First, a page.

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Local News

  • Expert to speak at joint meeting

    A consultant is expected to speak during a Roane County Commission/Board of Education public workshop on Thursday.
    Wesley Robertson is with the County Technical Assistance Service and was the executive director of local finance for the Tennessee Department of Education.
    Roane County Executive Ron Woody called Robertson an expert on the Basic Education Program.
    “He was the one that was running the BEP formula,” Woody said.

  • Judge: Leon playing delay game

    Leon Houston’s latest effort to get rid of an attorney failed last week.
    “The court is beginning to discern a pattern of the defendant seeking to delay his trial once it draws near,” U.S. Magistrate C. Clifford Shirley Jr. said in an order filed Sept. 6.
    Two previous trial dates in Houston’s case have been postponed. For the moment, the Sept. 24 trial date is still set.

  • Osprey gets second chance

    The waters that are the lifeblood for Watts Bar Lake’s many ospreys almost took the life of one of the birds last month.
    It took a cooperative effort to save the youngster.
    Larry Steidle of Blue Springs Marina was working when he happened to see an exhausted young fledgling poke its head from the water.

  • Kingston ready to flip solar switch

    The city of Kingston draws ever closer to cutting a ribbon on the long-awaited Ladd Landing Greenway project, and flipping a switch on the first of two planned solar farms off James Ferry Road.

    According to recent updates at the Sept. 3 Kingston City Council work session, both projects will be scheduled for ceremonial grand openings as soon as all relevant state and local officials can coordinate their schedules.

    For the greenway, that could mean anytime in the next several weeks.

  • Monetary, school supplies donations lagging for Teachers Supply Closet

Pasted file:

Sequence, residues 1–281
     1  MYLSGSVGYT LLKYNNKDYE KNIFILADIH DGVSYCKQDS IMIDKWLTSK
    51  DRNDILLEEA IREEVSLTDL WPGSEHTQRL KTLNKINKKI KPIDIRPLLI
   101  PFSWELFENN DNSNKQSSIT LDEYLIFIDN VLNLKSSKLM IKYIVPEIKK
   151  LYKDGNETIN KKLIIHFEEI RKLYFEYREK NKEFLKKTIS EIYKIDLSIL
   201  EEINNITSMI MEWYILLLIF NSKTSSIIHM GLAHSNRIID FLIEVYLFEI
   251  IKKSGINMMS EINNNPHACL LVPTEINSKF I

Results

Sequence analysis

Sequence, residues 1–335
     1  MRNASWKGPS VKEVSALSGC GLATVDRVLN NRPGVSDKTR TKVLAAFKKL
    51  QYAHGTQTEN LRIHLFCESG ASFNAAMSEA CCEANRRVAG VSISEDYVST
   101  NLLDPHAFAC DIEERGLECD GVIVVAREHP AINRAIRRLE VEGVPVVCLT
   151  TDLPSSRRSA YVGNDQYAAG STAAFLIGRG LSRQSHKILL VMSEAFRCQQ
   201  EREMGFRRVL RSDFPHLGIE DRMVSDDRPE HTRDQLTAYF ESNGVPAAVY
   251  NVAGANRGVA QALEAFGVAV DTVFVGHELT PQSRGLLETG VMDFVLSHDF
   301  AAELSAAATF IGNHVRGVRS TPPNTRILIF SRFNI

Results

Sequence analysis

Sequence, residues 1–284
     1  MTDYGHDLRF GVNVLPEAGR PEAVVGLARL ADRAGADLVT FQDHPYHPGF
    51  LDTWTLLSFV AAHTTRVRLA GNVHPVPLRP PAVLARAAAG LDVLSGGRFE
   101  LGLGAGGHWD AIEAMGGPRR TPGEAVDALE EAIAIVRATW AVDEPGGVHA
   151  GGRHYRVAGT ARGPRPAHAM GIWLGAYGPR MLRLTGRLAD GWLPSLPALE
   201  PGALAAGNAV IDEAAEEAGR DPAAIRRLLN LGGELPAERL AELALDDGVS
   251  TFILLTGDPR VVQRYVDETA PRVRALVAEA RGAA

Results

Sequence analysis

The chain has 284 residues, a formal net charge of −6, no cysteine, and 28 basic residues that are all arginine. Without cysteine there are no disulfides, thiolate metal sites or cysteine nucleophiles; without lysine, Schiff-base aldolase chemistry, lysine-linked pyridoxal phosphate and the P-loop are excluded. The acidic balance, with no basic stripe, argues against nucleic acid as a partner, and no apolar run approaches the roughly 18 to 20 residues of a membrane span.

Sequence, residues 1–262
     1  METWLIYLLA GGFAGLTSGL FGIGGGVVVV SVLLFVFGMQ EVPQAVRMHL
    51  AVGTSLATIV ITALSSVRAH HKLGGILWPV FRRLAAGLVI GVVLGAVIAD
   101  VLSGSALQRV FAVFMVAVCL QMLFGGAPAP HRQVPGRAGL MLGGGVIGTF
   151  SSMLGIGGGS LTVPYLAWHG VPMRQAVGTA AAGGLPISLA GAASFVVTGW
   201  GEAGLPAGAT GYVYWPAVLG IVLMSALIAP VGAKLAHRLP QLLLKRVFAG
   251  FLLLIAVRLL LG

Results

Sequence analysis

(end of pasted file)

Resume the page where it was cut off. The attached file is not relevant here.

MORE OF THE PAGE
With less than a month until the Roane Chamber’s annual Teachers Supply Closet, school supplies and monetary donations are lagging from previous years.
    The Chamber’s 2013 Teachers Supply Closet will be from 4 to 5:30 p.m. Sept. 25 on the main campus of Roane State Community College.
    “We still have time to make this year’s Supply Closet successful,” said Allen Lutz, education and workforce development specialist for The Roane Alliance. “The supplies and donations really do make a difference for the teachers and students.”

  • Harriman hydrant testing now underway

    Harriman Fire Department and Harriman Utility Board is presently flow testing fire hydrant within the city limits.
    This process could cause water to become muddy or cloudy.
    Water customers are advised  to let water run for a short period until it clears if these conditions occur.
    The testing is vital to make sure that Harriman has an operating water source when an emer-
    gency incident occurs
    and is an annual requirement for insurance ratings.
     

  • School supplies from Harriman Care
  • Walking trail grant decision on this week

    Harriman City Council will decide this week whether to proceed with a grant to make a walking trail in the downtown area or turn the grant back over so someone else can receive it.
    The Council will meet briefly in a workshop at 6 p.m.
    The meeting will precede the 6:30 p.m. police board meeting and the regular 7 p.m. Council meeting.
    Bob Tidwell, who has been working on the grants, asked if the city wanted to spend the money.
    He estimates the cost to the city to be $169,174, with $447,776 in federal funds.

  • Another beleaguered tavern up for beer permit

    The Roane County Beer Board will not consider a permit for the Grill & Pub on Tuesday, but another spot that is well known to law enforcement is on the agenda.  
    Joyce Fulsom is seeking a beer permit for Claudia’s Bar on Roane State Hwy.
    Beer board secretary Bobbie Tipton said the previous permit holder, Claudia Norman, passed away last month.
    Fulsom plans to operate as D&J’s.     
    “The establishment is safe,” Fulsom said.
    E-911 dispatch records for the establishment date back to 2001.

  • Roane County jail certified by TCI last week

    The Tennessee Corrections Institute certified the Roane County Jail at its meeting in Nashville last Wednesday.
    The jail has been dealing with overcrowding issues this year, and some county officials had expressed concerns that might lead to decertification.
    “TCI, they’re really good to work with,” Roane County Sheriff’s Office Chief Deputy Tim Phillips said. “Basically, they just want to help us get into compliance.”